My friend's relative filmed her funeral 20 years ago. I thought it was really odd. Then realised it was for the benefit of a close relative who couldn't go.

Singsongsungagain Thu 26-Nov-15 21:36:10

I suppose partly I don't understand why you'd want a momento of a funeral- remember the life rather than the death.
If people find comfort in it then fair enough but I'm a bit baffled by what comfort is to be found in posing dressed in black then posting it on the Internet.

Dexterjamesmummy Thu 26-Nov-15 21:37:50

I took pictures before my little boys funeral last year (my boyfriend asked me too), I took photos of the flowers at the chapel of rest surrounding his little coffin. I also took pictures of the coffin in his horse drawn carriage.
I didn't post them on Facebook, I don't look at them but I know the are there if ever I want to. I sometimes see them by accident while scrolling through Dropbox and it's horrible.

vdbfamily Thu 26-Nov-15 21:37:57

I think if the family want to do so then it is fine. My cousins 15 year old son died of leukemia and there were hundreds of people at his funeral including 2 coachloads of schoolfriends. She nominated a friend to take lots of photos as there was family there from all over the world and she wanted it to be a celebration of his life and to have memories of it later which were not all lost in a blur of grief. I don't think you can judge that or say it is not appropriate. However, I would think it slightly odd that non family members were just taking selfies and sharing them publicly.

imip Thu 26-Nov-15 21:39:13

I have lots of photos of dd's funeral. She was stillborn, and photos are the memory of the short time we had her. I guess it was also to show my future dcs the funeral (she was my first).

I lost a brother when I was 3. I would be really interested to see photos of the funeral, at an appropriate time. However, he wasn't baptised before he was born, and so wasn't allowed a proper funeral (neo-natal death).

Long before I'd lost dd, my friend lost her first husband. At the time her son was 4yo. She recorded the funeral. I thought it was really strange and wondered why. She said it had been suggested by a counsellor so that her son could remember. I actually thought that was a pretty sensible thing to do.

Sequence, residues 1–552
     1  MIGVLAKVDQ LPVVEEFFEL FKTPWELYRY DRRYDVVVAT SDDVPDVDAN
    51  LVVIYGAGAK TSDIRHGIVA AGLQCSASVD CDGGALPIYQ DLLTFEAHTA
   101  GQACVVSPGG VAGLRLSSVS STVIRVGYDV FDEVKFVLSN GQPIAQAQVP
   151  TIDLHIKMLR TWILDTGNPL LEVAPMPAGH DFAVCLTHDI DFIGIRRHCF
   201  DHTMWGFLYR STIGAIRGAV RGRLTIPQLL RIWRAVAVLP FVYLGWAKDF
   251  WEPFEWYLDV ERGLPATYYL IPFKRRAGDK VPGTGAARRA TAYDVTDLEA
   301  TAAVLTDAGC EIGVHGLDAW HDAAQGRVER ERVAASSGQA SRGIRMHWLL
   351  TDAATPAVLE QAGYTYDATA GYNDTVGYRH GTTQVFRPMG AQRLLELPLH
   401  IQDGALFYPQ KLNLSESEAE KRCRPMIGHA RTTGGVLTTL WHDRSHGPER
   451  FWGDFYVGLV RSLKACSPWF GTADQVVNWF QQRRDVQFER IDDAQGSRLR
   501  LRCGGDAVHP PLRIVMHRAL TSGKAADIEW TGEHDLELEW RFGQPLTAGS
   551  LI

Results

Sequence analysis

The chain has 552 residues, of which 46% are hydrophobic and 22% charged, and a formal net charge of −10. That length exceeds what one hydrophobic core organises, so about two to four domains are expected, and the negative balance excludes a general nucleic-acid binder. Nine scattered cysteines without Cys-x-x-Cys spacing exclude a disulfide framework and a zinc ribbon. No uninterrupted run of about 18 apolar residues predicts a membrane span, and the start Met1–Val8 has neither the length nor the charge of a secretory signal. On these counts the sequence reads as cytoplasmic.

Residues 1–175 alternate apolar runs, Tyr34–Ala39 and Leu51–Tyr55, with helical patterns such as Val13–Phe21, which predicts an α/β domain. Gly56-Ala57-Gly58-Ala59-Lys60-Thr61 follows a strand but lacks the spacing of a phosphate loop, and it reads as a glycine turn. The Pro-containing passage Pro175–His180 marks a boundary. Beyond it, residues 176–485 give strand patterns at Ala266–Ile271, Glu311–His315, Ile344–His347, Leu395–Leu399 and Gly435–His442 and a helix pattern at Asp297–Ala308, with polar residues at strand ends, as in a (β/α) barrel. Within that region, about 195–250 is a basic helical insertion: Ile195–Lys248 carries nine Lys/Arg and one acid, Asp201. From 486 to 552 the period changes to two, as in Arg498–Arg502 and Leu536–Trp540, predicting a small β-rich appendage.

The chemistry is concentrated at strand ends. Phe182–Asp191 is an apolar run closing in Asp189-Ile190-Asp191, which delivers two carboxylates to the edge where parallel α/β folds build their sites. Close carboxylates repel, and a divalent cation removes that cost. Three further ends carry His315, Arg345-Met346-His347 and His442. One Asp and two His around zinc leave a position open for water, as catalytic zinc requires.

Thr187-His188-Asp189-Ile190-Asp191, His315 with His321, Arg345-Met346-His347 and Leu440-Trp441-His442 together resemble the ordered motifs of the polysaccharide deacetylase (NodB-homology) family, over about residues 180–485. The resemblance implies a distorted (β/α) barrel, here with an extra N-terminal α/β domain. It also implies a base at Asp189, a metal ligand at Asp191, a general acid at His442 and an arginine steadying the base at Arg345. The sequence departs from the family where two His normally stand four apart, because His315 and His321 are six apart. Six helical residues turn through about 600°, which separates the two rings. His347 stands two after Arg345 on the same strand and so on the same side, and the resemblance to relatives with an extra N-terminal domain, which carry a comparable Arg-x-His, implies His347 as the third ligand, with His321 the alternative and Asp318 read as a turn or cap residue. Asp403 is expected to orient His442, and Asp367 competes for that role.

2kidsintow Thu 26-Nov-15 21:39:54

I took a (very, very discreet - super quick as we pulled up in the car to the crem - looked like I was just transferring my phone from my pocket to my bag at my side in 2 seconds flat) photo of my Dad's coffin in the hearse at his funeral last week.

I am aware of how some people would think it insensitive, but... I had sat through the service at church looking at his coffin and struggled to think that it would be a memory soon. I'm not looking at the photo anytime soon, but at some point in the future it might bring me comfort to be able to see it. It won't be shared with others or put on social media at any point ever.

Back in Victorian times, many, many memento mori photos were taken at funerals and of deceased people. They are fascinating. And they were a way of holding onto the image of someone who has passed away as a way of remembering them, not to be insensitive or disrespectful.

DH has photos of him and our DDs leaving flowers on his Dad's grave. He's buried several hours away and the children were small, so they don't remember the service and we can't visit easily.

That said: photos of merry making, while in keeping of celebrating someone's life at their wake, doesn't seem quite right.

PippaPug Thu 26-Nov-15 21:42:26

My Mum asked me to take photos of her fathers (my Grandads) wicker coffin, she wanted to sit in the Crem before he came in

Both my Aunt and Mum are really grateful - it bought them a little more comfort in a difficult time.

We didn't take any photos at the wake though and taking selfies is just in such bad taste

MidnightAura Thu 26-Nov-15 21:43:37

I think it's poor taste. Its almost as bad as people checking in on Facebook at a funeral and tagging the deceased person. Can't imagine being at a funeral and thinking "Must get some pictures" it's just weird!

LaurieFairyCake Thu 26-Nov-15 21:46:08

The bottom line is that I don't think we should tell mourners how to mourn.

Those young people laughing and joking and taking photos at the wake of a peer, they're still mourning. And still celebrating life.

I would never take photos (I suspect because I'm older and don't bother with social media) but I wouldn't judge how other people do.

nancy75 Thu 26-Nov-15 21:48:50

Laurie, even if seeing pictures like that causes more upset for the family of the person that has died?